Kenneth Udut Self-Assessment and Chap 2 Lecture Questions
Bureaucracy appears to be low on my list of priorities. I ended up a “7”. I don’t particularly mind the bureaucratic structure, so long as it works smoothly, but anytime it infringes upon my internal sense of right/wrong, it grates against me, and I blow up in some way or another – usually silently. Yet, a free-flowing environment would appeal to me better, so long as there were things understood in common. (which often means writing them down, and once things are written down, they get codified. And once things are codified, they become procedures. Procedures can turn into a bureaucracy if the original mission is lost.)
- “The development of management thought has been determined by historical times and societal conditions.” Do you agree or disagree with this statement? Discuss.
I agree with the statement. Adam Smith came up with the description of division of labor, which led to assembly lines. The Industrial Revolution brought people form working in their homes, to working in factories, and also gave new meaning to division of labor by having machines starting to do many of the repeated tasks that people had previously done.
- Why is it important to understand the different perspectives and approaches to management theory?
Many of these perspectives and approaches are today used, and have shaped the way even “modern management” techniques do things, whether these “new” management styles acknowledge the originals or not.
- What approach to management thought is most appealing to you? Why?
Organizational Behavior appeals most to me, because it seems to see people as adults, rather than as automatons. It brings the people-aspect back to the job, rather than the machine-like view of people, inspired by the Industrial Revolution’s machinery.
- Can a mathematical (quantitative) technique help a manager solve a “people” problem, such as how to motivate employees or how to distribute work equitably? Explain.
Absolutely! Motivation can be inspired by goal-setting. The basis for the goals that are set can be generated by a computer analysis of the current workload and the maximum potential workload per person, and finding a figure that is somewhere inbetween as the goal, just as one example. [we’ve done this at work for sales reps who get paid based on number of prescriptions they get doctors to write for particular products. We figure out how much the maximum potential is, and goals are set based on this maximum – the rewards showing up in the paycheck].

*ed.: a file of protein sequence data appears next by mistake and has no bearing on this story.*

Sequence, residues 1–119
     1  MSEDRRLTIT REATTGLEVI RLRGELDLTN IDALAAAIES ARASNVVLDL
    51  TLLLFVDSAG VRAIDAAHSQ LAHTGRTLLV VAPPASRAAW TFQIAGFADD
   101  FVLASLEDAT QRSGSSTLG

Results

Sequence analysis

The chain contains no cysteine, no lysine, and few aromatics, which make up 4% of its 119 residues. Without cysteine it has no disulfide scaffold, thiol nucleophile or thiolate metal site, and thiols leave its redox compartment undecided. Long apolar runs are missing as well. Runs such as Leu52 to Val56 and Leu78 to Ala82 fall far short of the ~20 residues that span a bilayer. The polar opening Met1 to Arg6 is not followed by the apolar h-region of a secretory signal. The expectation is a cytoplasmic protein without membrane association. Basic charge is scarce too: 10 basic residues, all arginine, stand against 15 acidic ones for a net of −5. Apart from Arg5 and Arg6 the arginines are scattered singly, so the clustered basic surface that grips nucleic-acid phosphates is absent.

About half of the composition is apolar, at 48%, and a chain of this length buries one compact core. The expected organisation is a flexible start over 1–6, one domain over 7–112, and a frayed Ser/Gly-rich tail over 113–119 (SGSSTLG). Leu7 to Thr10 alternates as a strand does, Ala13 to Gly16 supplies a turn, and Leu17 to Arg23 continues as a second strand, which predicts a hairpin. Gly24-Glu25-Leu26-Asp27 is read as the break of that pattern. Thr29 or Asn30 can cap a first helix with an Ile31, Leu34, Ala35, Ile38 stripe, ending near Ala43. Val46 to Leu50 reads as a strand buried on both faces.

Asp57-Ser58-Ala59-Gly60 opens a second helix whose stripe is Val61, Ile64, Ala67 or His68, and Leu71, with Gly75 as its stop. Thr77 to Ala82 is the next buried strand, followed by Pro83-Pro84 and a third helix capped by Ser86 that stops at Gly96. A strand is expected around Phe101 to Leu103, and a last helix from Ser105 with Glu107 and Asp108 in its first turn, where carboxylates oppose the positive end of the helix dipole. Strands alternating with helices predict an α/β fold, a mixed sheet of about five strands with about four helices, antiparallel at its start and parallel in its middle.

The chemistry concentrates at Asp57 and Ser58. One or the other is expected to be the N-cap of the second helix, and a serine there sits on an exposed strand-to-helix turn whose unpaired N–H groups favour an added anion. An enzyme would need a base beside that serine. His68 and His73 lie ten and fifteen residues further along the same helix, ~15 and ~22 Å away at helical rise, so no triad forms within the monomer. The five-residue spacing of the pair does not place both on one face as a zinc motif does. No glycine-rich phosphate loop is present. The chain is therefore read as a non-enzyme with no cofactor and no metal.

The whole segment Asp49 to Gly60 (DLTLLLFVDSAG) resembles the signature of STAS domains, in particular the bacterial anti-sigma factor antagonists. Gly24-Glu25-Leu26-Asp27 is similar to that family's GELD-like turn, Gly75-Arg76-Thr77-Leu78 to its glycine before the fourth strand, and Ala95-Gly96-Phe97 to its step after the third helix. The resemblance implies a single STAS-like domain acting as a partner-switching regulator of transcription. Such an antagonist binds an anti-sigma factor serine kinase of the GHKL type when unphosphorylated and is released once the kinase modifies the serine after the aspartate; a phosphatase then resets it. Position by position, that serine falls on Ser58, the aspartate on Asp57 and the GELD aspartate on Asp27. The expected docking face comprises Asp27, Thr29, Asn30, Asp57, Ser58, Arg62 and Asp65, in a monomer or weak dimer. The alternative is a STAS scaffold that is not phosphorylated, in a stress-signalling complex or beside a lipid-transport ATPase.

That is just one example.
- How might an individual’s age, career stage, geographical location, and organization size affect his/her needs as described in Maslow’s hierarchy?
Younger workers, early in the career, especially living on their own for the first time, may have more Physiological needs – get food on the table. Bigger organizations may fulfill more of the social needs, although less of the self-actualization needs – whereas smaller organizations may have the flexibility for a person to achieve self-actualization.
- What are the common assumptions of motivation theorists Maslow, McGregor, and Herzberg regarding worker motivation? What are the implications for managers?
Hygiene factors correspond to Theory Y correspond to Self-Actualization. They’re all quite positive in their view of humanity’s needs. Managers need to recognize that workers have needs that need to be fulfilled, whatever level those needs may be at.
- What are some personal traits you think might be useful to a leader? Would these traits be more valuable in some situations than in others? Explain.
Honesty and Integrity, Drive, and Intelligence are most important to me in a leader. Honesty and Integrity provide solidity; Drive is the motor, and Intelligence is the brain. Other factors are also important, but those three are what I like in a manager. With Honesty and Integrity, a leader gains people’s trust. Drive is the leader’s ‘motor’, especially during tough times – which also gets the followers going during tough times. Intelligence (with a dash of entrepreneurship) helps a leader navigate – it is the rudder that steers the boat.
- This chapter’s lecture highlights “generations” of workers. Why are the characteristics of these “generations” of concern in the field of management? Which leadership style, autocratic, democratic, or laissez-faire, would seem to work best with each “generation?” Why?
Each generation has different expectations, which is what makes it a concern for managers trying to bring people together on a common goal. Autocratic might appeal more to the Silent Generations, democratic to Baby Boomers and Gen-Xers. Laissez-faire may appeal also to Gen-Xers.